Chinese Spy Convicted Of Conspiracy To Steal Cancer Drug Trade Secrets

According to the Department of Justice (DOJ), a Chinese-Swiss man was convicted following a trial for his role in a family conspiracy to steal trade secrets relating to cancer drugs.

Chinese Spy Convicted Of Conspiracy To Steal Cancer Drug Trade Secrets 1

Xue Gongda, a permanent resident of Switzerland with Chinese citizenship, was convicted on May 2 for his role in a $10 billion plan to steal cancer drugs from his employer and rebrand them under his own biomedical company, according to US Attorney Jennifer Williams.

Xue worked as a scientist with the Friedrich Miescher Institute for Biomedical Research (FMI) in Switzerland, which is affiliated with Novartis, according to a DOJ statement. In the meantime, his sister, Xue Yu, worked as a scientist at GlaxoSmithKline (GSK) in Pennsylvania.

“This defendant illegally stole trade secrets to benefit companies controlled by himself and his sister, one of which were financed by the Chinese government,” Williams said.

“The lifeblood of companies like GSK is its intellectual property, and when that property is stolen and transferred to a foreign country, it threatens thousands of American jobs and disincentivizes research and development. Such criminal behavior must be prosecuted to the fullest extent of the law.”

According to the DOJ, both Gongda and Yu conducted confidential cancer research for their prospective companies and signed confidentiality agreements as part of their employment. Gongda did research for journals, while his sister Yu did research for anti-cancer medications that were being developed at the time.

Gongda and Yu shared confidential information for their own personal gain while working for their respective companies, prosecutors said, stealing and sending their companies’ information back and forth and creating new biopharmaceutical companies through which they could sell proprietary drugs under new names. Yu founded Renopharma in China, whereas Gongda founded Abba Therapeutics in Switzerland. Renopharma was even funded directly by the Chinese Communist Party.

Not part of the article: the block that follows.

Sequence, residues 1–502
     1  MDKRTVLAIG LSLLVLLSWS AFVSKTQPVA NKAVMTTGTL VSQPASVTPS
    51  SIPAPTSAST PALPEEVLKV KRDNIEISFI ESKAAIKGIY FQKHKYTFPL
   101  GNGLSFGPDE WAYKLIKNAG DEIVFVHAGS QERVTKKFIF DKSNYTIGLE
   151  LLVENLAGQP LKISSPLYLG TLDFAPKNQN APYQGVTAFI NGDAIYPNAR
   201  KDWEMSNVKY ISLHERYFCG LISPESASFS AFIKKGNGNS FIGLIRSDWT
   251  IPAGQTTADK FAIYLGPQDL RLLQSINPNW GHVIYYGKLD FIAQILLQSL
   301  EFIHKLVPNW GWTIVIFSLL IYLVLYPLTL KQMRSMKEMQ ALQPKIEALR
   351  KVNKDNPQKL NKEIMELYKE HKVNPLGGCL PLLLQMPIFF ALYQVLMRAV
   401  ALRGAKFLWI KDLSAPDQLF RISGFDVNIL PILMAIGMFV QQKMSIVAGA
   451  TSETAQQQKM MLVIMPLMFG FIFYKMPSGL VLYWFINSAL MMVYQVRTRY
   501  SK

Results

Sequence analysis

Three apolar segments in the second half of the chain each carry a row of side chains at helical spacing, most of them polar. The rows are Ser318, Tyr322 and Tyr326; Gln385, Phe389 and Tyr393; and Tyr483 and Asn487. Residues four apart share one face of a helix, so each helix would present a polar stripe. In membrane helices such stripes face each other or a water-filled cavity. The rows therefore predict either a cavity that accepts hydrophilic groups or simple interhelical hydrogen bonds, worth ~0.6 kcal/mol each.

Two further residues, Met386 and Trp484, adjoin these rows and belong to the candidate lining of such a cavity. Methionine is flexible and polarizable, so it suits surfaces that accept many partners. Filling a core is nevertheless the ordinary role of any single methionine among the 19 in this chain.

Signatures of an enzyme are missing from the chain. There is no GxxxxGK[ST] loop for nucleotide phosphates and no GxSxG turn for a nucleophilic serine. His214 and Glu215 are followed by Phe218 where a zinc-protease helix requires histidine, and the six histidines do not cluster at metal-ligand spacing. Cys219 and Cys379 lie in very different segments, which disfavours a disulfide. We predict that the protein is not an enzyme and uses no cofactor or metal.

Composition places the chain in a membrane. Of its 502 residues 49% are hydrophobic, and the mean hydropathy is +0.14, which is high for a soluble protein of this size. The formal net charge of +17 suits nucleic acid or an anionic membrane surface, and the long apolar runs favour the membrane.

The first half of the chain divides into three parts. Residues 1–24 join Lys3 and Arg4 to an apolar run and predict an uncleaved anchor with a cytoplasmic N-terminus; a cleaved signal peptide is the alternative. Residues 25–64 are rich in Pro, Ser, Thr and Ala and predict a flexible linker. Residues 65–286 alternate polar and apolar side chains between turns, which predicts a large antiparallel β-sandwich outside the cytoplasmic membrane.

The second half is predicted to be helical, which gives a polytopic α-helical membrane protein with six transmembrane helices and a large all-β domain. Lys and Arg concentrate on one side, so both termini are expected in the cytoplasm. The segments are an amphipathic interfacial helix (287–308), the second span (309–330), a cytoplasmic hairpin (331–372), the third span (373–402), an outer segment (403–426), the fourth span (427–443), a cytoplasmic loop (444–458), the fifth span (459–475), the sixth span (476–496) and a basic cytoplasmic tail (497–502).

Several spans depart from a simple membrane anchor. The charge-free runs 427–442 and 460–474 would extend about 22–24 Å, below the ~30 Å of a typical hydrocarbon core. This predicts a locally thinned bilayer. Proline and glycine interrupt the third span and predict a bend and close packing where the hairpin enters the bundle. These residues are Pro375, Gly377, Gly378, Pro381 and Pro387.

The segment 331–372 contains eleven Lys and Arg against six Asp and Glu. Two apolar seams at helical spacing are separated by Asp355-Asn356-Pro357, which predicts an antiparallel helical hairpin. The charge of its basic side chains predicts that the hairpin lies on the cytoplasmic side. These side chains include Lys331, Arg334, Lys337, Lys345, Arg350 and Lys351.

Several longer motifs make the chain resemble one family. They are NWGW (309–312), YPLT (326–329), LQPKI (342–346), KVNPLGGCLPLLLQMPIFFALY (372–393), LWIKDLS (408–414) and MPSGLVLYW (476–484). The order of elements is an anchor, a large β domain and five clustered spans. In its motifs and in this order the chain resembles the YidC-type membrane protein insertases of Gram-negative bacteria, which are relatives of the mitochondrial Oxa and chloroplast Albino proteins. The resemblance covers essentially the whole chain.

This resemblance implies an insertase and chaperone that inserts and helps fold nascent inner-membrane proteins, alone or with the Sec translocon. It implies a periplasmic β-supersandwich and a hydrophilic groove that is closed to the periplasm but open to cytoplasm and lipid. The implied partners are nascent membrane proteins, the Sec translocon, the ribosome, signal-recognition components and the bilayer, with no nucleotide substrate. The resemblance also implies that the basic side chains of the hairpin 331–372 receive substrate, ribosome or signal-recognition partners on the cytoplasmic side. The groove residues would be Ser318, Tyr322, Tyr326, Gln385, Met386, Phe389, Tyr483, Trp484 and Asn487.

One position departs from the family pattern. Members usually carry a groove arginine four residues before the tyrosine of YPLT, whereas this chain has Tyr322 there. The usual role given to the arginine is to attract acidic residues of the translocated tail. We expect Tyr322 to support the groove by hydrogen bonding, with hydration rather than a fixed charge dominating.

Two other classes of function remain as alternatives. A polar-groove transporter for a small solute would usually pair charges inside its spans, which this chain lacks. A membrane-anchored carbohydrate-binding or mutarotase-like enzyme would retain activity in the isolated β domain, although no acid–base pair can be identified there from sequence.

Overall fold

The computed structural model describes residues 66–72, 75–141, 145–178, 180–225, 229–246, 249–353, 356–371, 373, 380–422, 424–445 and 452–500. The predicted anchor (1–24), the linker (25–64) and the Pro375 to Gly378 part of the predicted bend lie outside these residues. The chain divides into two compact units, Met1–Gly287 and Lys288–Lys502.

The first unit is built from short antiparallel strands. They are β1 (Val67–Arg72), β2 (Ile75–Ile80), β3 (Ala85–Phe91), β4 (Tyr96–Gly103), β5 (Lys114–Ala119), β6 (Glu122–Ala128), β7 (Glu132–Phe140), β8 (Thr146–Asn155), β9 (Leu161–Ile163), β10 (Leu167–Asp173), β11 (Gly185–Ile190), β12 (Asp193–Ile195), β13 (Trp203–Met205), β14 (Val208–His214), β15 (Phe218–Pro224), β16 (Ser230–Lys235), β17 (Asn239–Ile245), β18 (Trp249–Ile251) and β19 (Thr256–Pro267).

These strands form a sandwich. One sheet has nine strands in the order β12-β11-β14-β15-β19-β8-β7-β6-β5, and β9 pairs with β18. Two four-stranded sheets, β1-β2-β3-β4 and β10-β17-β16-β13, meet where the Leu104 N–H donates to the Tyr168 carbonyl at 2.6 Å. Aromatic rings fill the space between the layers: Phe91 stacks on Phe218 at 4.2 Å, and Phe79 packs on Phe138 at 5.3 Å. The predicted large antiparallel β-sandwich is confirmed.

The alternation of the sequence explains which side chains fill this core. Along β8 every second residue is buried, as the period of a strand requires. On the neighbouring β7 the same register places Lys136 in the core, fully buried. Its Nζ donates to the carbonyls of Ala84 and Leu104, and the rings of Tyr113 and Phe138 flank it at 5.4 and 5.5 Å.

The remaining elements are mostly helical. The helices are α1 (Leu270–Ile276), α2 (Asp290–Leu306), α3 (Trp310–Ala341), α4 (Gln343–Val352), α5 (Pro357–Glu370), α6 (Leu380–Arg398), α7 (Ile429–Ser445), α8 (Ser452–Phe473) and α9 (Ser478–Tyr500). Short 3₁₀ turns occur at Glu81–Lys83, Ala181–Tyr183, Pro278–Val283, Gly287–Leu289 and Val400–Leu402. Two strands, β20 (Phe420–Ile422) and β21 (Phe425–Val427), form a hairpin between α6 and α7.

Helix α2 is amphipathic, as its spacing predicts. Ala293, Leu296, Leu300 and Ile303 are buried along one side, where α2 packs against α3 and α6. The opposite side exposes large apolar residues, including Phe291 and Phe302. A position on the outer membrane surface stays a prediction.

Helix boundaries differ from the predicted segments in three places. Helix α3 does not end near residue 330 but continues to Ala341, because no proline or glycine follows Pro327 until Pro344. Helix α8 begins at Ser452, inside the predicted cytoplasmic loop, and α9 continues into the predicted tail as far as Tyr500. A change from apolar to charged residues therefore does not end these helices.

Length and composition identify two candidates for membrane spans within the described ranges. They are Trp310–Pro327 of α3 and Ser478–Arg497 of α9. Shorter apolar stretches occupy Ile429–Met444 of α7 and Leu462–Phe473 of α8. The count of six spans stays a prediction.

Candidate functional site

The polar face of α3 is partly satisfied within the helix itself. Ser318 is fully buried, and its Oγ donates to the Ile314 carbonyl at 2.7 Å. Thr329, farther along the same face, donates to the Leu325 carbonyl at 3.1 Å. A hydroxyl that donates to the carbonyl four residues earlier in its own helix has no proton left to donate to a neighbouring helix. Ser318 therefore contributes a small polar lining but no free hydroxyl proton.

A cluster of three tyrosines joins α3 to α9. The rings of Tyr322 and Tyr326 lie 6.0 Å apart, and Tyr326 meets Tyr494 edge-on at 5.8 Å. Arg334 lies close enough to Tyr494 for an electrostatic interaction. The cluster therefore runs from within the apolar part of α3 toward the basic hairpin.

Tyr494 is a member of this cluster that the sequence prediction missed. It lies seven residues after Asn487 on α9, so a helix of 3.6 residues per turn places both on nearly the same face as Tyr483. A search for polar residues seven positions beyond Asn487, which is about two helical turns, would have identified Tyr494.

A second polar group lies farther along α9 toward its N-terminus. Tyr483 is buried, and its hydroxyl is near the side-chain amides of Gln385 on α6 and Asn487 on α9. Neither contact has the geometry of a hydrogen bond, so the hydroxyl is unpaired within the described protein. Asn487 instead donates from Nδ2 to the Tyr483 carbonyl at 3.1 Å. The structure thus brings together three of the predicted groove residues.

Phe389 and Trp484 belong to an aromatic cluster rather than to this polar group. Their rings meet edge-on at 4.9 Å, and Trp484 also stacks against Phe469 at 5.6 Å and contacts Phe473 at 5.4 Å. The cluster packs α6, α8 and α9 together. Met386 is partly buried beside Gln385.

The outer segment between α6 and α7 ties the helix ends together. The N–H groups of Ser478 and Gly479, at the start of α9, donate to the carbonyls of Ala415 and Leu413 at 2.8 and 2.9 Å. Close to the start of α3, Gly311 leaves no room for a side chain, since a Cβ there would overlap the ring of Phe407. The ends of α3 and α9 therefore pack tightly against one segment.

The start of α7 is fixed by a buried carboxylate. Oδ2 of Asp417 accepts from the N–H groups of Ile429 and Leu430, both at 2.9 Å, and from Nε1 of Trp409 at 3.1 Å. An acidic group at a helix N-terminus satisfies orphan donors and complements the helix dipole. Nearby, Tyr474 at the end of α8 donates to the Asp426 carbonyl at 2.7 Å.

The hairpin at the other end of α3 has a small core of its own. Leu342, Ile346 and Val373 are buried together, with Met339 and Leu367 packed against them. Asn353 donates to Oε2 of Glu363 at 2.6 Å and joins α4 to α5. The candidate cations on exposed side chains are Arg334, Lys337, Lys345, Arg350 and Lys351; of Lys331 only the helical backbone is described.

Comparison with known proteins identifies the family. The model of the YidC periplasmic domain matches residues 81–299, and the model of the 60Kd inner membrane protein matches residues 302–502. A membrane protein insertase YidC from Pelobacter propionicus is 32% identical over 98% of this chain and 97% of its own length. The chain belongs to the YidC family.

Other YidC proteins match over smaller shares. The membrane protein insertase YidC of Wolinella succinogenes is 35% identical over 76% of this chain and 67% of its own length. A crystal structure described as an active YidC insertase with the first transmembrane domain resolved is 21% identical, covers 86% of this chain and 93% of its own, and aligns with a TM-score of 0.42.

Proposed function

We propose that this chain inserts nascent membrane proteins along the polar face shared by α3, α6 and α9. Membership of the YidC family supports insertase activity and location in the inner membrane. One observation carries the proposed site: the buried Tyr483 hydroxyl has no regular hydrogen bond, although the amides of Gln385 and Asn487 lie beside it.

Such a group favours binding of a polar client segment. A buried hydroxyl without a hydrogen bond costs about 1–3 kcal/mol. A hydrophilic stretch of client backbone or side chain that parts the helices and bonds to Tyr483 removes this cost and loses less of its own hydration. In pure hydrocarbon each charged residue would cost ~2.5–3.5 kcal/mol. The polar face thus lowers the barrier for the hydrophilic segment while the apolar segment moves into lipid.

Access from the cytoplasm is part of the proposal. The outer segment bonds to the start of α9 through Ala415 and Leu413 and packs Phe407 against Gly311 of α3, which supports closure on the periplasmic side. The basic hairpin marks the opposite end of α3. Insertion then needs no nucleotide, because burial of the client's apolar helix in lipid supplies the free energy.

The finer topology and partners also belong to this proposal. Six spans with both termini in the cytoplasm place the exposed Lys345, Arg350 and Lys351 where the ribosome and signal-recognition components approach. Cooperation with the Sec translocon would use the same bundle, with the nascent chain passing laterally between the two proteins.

According to the DOJ, Renopharma’s internal estimations revealed that the firm could be valued up to $10 billion based on the stolen GSK data.

Gongda was accused in 2018 and extradited to the United States from Switzerland in December 2019. Yu and her Renopharama associates were arrested by the FBI in January.

Yu and GSK colleague Lucy Xi both pleaded guilty to theft of trade secrets. Xue Tian, another sister, pled guilty to a scheme to launder the considerable ill-gotten money that Renopharma was expecting. Renopharma’s Li Tao, one of the company’s directors, also pled guilty to conspiring to steal GSK trade secrets. According to the DOJ, Renopharma’s other director, Mei Yan, is a fugitive who is now residing in mainland China.

“When a company like GSK spends billions on research and development to bring new drugs to market, the theft of valuable trade secrets poses a significant operational threat,” said Jacqueline Maguire, an FBI agent associated with the case. “When those secrets are stolen on behalf of a global adversary, it also endangers the security of our nation and the stability of our economy.”

“The FBI will continue to bring all our investigative resources to bear to hold accountable criminals like Xue and his codefendants who steal intellectual property to benefit themselves and the Government of China. Our relationships with private sector partners like GSK are critical to disrupting such costly activity and bringing those responsible to justice.”

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